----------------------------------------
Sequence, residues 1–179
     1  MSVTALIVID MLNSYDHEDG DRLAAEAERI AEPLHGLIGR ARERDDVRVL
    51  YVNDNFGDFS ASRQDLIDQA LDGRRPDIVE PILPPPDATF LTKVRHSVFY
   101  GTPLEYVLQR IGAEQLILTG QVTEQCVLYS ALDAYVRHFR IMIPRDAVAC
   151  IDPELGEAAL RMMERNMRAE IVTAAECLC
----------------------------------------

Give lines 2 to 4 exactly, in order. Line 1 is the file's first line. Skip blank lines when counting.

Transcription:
     1  MSVTALIVID MLNSYDHEDG DRLAAEAERI AEPLHGLIGR ARERDDVRVL
    51  YVNDNFGDFS ASRQDLIDQA LDGRRPDIVE PILPPPDATF LTKVRHSVFY
   101  GTPLEYVLQR IGAEQLILTG QVTEQCVLYS ALDAYVRHFR IMIPRDAVAC